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We Are All Drunk on Something

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I love how Jesus related to damaged and demoralized people. Don’t you?

A woman is caught in the act of adultery. In committing the act, she wrecks a home. She brings shame upon herself and her community. Then, pious men decide to publicize her shame to make an example of her. The man with whom she committed the act is not exposed, but that’s another issue for another time.

Concerning the woman, “Lawbreakers must not be tolerated,” they think. “She must be condemned for her behavior, cast out for her infidelities, shamed for her shameful act. She must be made into an example.”

This is what happens in a group of people who pride themselves on things like Sabbath keeping, personal piety, sound doctrine, but are lacking in love. A coliseum culture develops. Everyone rallies around a common enemy – the sinner. Robbers, evildoers, tax collectors, adulterers and adulteresses. And then the pouncing and the piling on and the mobbing. The shaming and the scolding and the disapproving. The calling out and the canceling.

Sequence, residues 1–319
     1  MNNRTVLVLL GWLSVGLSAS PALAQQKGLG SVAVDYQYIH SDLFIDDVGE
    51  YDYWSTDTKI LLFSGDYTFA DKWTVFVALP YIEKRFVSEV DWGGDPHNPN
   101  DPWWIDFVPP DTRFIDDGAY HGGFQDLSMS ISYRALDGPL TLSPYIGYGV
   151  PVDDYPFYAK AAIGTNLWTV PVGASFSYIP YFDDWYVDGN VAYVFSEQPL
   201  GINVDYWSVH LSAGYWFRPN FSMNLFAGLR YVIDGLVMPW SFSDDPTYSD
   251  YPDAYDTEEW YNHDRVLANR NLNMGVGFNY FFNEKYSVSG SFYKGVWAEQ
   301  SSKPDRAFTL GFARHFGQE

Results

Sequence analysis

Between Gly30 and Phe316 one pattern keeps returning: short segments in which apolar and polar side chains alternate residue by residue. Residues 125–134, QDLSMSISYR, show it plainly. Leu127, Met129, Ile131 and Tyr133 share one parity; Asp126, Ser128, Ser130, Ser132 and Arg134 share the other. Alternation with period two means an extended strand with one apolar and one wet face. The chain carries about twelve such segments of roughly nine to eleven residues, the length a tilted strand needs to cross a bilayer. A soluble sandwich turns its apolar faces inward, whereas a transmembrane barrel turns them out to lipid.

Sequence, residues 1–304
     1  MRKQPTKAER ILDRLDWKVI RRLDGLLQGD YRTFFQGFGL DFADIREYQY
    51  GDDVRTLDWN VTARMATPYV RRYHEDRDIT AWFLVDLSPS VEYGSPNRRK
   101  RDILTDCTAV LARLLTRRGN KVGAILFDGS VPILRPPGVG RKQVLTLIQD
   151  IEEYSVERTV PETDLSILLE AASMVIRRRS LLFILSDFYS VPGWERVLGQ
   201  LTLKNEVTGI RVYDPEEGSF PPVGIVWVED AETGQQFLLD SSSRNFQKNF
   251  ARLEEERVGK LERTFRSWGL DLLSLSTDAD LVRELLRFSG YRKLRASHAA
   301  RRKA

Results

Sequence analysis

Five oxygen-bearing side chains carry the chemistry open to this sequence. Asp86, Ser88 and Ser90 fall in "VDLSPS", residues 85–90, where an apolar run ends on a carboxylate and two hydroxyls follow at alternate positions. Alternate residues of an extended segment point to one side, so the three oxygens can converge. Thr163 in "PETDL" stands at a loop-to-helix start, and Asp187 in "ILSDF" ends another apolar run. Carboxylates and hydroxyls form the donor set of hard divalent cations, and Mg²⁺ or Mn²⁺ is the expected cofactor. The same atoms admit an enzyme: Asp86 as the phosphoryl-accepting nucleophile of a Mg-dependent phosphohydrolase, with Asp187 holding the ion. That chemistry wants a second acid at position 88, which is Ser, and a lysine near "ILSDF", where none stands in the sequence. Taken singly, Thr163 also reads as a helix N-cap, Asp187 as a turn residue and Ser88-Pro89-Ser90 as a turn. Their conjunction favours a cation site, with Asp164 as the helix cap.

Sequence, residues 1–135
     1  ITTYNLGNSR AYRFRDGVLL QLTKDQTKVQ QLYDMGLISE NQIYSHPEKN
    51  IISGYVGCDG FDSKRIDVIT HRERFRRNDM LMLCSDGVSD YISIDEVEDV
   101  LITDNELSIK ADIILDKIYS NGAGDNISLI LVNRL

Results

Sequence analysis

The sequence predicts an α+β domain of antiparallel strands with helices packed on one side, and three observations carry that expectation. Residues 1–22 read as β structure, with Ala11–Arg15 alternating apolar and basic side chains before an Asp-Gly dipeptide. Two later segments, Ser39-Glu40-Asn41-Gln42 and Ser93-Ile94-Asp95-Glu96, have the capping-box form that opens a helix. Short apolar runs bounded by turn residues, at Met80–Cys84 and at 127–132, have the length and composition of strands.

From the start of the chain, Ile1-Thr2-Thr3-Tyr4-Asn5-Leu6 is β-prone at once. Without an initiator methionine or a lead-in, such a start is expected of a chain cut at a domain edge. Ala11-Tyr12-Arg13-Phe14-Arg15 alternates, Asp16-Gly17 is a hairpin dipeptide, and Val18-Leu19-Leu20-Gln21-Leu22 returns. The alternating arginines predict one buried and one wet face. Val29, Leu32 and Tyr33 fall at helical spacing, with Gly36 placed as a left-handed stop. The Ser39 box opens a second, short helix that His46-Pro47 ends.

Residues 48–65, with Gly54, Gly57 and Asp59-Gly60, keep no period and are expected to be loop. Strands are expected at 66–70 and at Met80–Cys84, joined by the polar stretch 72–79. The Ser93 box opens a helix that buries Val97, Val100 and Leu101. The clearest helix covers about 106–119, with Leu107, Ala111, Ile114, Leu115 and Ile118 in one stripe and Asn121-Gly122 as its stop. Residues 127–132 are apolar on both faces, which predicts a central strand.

What’s wrong with the world?

“Other people,” says the mob surrounding the adulteress. “What’s wrong with the world is other people…those who aren’t one of us.”

But Jesus does not participate in this. Instead, left alone with the adulterous woman, he simply says to her two things:

1. I do not condemn you.
2. Now leave your life of sin.

The sequence of these two sentences is everything.

Reverse the sequence and you’ll lose Christianity.

Reverse the sequence and you’ll also lose Jesus.

With Jesus, preemptive declarations of grace and love and no-condemnation establish the environment for conversations about truth, morality, and ethics. According to Jesus, there is no other way than this.